Bad news Monday on a Tuesday is really a continuation of Friday.
To help lift you out of the Memorial Day weekend fog of beer, brauts and brownies, Fitch downgraded Spain from AAA to AA+ and this announced rekindled fears of more-bad-things-happening-quickly for Europe.
In quick succession from Monday to Tuesday, we’ve had the following:
- Negative BusinessWeek article on Italian muni losses.
- ECB Financial Stability Report detailing potential losses of E195 billion for European banks.
- ECB comments stating they are sterilizing all of their bond purchases.
- ECB comments stating there is no Plan B for Greece.
- ECB stating they are happy with the level of the Euro.
- ECB stating that they can solve a liquidity crisis, but not a solvency crisis.
- Rumors of an Italian and Spanish debt downgrade.
- France saying it’s a stretch for them to maintain their AAA rating.
- China PMI slipped more than expected.
- BP can’t cap its oil gusher in the gulf.
Extra credit: it’s the start of the hurricane season! The good news of virile Canadian growth, stronger than expected UK PMI and German PMI are ignored.
The global PMIs are showing a more mixed result as we move through today, but initially they were all worse than expected. The developing theme is that China and others are experiencing slower growth due to the slowdown in Europe. With that theme, there are articles circulating about the drop in commodity prices signaling a global slowdown.
But do they really?
How can we separate the speculative flows of money into and out of commodities versus the normal ebb/flow of economic demand?
I’d take these stories with some hefty skepticism.
The one fact that is irrefutable: uncertainty drives fear and lower asset prices.
From the oil spill to the flash crash, we’re now in a psychological “mistrust-of-government-ability-to-act” zone. It’s the opposite of when President Obama took office and an unemployment rate near 10% will do that to opinion polls. The ECB’s decision to remain mainly focused on inflation instead of working in concert with European Union finance ministers is also greatly adding to market miasma that’s swirling in the wind like mustard gas. Risk is blistering as each new story out contributes to the negative newsflow.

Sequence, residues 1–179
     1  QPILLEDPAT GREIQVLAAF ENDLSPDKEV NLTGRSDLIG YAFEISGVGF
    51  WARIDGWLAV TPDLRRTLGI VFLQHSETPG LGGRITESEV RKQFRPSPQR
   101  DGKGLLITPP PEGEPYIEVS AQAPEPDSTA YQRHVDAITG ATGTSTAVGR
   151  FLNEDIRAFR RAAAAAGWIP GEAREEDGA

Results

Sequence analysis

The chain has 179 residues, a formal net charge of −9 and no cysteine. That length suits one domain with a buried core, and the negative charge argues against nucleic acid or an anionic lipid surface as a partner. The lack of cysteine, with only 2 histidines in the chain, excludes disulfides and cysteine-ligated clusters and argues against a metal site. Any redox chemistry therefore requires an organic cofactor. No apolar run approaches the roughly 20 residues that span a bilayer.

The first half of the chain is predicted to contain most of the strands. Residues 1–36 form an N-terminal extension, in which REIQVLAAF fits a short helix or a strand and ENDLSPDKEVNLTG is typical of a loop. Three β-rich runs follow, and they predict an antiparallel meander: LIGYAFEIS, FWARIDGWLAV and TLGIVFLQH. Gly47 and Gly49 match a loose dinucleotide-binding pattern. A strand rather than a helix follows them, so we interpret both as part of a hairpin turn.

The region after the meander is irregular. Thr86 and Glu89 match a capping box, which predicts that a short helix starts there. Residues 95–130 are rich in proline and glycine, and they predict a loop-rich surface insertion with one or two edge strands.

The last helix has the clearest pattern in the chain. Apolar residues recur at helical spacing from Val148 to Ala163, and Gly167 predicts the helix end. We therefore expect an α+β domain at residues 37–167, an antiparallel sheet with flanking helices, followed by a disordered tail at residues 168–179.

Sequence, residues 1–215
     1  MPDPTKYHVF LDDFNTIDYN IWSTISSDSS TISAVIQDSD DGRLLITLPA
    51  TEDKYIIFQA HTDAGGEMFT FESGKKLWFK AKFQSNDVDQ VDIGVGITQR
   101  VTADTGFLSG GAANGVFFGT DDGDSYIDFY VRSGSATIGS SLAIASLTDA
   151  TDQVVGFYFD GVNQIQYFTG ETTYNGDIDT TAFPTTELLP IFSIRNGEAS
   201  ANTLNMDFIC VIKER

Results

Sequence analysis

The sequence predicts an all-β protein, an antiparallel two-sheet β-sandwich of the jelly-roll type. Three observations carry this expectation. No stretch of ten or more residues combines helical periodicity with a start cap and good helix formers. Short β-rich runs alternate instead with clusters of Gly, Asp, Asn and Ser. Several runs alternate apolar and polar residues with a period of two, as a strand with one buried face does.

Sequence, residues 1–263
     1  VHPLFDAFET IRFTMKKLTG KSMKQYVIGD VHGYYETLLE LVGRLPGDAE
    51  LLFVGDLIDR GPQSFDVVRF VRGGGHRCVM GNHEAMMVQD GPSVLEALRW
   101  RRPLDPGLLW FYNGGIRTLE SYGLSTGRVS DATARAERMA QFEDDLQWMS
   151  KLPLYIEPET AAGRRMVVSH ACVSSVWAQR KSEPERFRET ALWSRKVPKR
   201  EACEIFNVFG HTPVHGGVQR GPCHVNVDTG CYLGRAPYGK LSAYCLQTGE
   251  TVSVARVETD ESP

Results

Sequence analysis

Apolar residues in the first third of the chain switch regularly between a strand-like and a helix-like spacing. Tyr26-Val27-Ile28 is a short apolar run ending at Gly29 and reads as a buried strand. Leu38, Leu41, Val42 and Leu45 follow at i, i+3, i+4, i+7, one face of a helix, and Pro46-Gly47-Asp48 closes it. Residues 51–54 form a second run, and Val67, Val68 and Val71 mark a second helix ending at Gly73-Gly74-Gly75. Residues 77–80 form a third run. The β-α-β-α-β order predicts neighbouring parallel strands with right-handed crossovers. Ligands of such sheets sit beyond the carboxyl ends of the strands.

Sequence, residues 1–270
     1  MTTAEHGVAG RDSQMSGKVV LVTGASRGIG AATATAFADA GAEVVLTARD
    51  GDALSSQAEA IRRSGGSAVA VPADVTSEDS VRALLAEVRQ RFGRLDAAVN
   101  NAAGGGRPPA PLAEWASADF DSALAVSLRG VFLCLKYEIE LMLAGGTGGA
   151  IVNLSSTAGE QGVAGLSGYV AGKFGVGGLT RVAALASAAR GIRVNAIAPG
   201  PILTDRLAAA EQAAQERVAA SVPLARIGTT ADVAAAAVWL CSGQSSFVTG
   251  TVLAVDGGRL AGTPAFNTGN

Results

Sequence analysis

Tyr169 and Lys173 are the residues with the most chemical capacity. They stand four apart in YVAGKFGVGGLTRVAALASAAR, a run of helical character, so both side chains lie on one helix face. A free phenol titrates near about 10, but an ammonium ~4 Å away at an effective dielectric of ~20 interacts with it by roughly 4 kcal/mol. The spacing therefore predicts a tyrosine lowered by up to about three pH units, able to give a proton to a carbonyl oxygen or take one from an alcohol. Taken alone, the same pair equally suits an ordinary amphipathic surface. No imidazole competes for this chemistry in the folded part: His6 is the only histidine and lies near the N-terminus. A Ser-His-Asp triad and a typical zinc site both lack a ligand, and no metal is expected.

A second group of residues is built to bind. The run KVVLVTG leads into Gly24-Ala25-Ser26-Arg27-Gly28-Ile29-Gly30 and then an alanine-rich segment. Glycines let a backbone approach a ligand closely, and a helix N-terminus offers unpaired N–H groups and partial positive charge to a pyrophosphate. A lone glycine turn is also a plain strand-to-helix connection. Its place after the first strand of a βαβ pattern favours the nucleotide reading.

The best news is that the Federal Reserve will remain in the emergency mode for some time due the European debt crisis.
Like other bullish economists, I believed that the growth in the US economy and the nascent job creation would lead the Fed to begin raising rates by the fall. Growth in the Far East and emerging markets had been major positive drivers to the global economy since last summer. Unfortunately, this frenetic growth has slowed simultaneously with the Greek tumult and this has scuttled my interest rate scenario for now. As an example of the new “Rates Low Until 2011” theme, the FT’s Kaletsky today writes that zero rates are likely to stay until the spring of 2011 in all the leading economies.
Until the US generates at least two months of significant non-government job growth, the markets will remain fixated on what new land mine will be stepped on in Europe. Welcome to the start of summer.
Andrew B. BuschDirector, Global Currency and Public Policy Strategist at BMO Capital Markets, a recognized expert on the world financial markets and how these markets are impacted by political events, and a frequent CNBC contributor. You can comment on his piece and reach him hereand you can follow him on Twitter at http://twitter.com/abusch.